Hyped Talk (2010). Virtually addicted Chinese woman claims virtual assets in her divorce plea. Available at: http://hypedtalk.blogspot.co.uk/2010/12/virtually-addicted-chinese-women-claims.html [Accessed: 6 March 2013].

Lee, P. (2005). The growth in the computer game market is leading to real legal issues in virtual worlds. The Lawyer, 19 (19), 14.

Lehdonvirta, V. (2009) Virtual item sales as a revenue model: Identifying attributes that drive purchase decisions. Electronic Commerce Research, 9(1-2), 97-113.

Li, Z. (2012). Motivation of virtual goods transactions based on the theory of gaming motivations. Journal of Theoretical and Applied Information Technology, 43(2), 254-260.

Manninen, T. & Kujanpää, T. (2007). The value of virtual assets – the role of game characters in MMOGs. International Journal of Business Science and Applied Management, 2(1), 21-33.

Character building: Can the buying of virtual assets be addictive?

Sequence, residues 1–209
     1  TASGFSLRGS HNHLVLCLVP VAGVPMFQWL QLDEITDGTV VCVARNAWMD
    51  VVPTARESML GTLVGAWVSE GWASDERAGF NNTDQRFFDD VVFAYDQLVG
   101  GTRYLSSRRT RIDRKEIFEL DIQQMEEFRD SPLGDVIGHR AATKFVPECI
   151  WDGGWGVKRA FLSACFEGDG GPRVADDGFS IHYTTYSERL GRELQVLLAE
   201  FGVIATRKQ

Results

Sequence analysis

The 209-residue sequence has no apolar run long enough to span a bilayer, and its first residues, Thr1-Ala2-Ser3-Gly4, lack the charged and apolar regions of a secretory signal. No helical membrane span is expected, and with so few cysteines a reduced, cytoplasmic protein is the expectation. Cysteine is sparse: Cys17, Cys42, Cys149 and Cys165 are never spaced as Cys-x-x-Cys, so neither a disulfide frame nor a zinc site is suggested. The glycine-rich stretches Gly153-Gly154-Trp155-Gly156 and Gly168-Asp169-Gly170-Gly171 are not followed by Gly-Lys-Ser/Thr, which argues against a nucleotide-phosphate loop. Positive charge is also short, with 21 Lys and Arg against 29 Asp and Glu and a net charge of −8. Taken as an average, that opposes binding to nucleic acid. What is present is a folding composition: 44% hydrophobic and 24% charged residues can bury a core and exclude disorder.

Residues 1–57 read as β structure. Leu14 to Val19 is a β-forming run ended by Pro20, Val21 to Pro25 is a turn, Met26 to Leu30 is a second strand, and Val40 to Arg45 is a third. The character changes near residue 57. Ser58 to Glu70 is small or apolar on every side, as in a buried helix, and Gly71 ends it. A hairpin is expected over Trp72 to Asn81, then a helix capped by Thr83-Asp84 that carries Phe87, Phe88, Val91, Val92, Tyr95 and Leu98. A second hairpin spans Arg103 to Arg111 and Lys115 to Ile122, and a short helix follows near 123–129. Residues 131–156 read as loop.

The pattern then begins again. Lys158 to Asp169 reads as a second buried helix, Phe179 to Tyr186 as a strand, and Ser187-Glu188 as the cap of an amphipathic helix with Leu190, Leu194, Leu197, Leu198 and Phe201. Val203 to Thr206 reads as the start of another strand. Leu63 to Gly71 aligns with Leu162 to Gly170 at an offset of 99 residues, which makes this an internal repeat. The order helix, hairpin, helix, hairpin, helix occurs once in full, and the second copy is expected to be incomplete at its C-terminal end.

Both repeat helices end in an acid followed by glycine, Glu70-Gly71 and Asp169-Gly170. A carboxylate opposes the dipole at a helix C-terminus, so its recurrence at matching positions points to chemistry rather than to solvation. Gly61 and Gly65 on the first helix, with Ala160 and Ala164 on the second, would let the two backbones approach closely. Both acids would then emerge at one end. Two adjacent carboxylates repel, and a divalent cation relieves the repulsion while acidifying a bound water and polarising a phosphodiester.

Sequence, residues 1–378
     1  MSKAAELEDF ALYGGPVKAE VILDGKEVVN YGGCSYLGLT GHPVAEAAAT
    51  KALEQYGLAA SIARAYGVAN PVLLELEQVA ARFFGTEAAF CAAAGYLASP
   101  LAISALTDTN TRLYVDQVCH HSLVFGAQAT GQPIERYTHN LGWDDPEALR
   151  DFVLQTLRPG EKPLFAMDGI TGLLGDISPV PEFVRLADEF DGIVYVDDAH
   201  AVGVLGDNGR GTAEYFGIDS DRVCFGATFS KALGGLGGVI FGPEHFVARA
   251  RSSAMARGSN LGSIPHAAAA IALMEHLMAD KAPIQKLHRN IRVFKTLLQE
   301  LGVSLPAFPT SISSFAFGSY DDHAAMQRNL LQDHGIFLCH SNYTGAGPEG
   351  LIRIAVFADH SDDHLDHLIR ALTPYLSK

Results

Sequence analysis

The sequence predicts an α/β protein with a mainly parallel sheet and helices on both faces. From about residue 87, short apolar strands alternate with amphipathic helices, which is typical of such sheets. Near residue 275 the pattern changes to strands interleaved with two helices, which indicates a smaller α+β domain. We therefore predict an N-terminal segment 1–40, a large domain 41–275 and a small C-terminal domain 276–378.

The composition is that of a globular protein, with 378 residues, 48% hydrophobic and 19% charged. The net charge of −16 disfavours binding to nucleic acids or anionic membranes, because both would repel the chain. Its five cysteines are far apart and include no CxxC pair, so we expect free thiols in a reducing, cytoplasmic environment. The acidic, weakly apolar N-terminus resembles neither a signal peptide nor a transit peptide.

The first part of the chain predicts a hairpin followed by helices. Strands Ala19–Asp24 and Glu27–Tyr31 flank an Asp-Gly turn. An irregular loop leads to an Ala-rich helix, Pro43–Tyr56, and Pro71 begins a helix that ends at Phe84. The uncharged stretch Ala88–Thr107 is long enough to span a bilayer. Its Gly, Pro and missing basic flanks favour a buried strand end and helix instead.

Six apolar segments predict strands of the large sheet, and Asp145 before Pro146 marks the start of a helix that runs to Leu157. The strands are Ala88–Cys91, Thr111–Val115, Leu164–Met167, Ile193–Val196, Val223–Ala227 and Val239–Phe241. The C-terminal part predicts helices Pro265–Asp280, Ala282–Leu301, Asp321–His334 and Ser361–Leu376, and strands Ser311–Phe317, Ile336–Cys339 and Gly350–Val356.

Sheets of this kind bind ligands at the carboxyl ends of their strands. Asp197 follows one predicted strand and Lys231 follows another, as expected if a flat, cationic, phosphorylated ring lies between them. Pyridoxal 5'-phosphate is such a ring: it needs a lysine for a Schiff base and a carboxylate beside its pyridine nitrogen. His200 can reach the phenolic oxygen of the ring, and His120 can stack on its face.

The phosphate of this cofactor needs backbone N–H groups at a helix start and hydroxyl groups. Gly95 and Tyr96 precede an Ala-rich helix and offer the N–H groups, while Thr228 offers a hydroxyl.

The potentially addicting nature of online gaming has been well documented over the last decade by many researchers (including many papers from my own research unit). One of the unforeseen consequences of the online gaming revolution is the (sometimes seemingly extraordinary) demand for virtual within-game assets (such as the buying of clothing, cosmetic items, and other accessories for online characters). Given the increase of companies whose only products are virtual gaming accessories, there is clear evidence for the growing demand by online gamers for such virtual assets. (In fact, a story published online reviewed the case of a Chinese woman who in her divorce case demanded a share of the couple’s virtual assets from their gaming).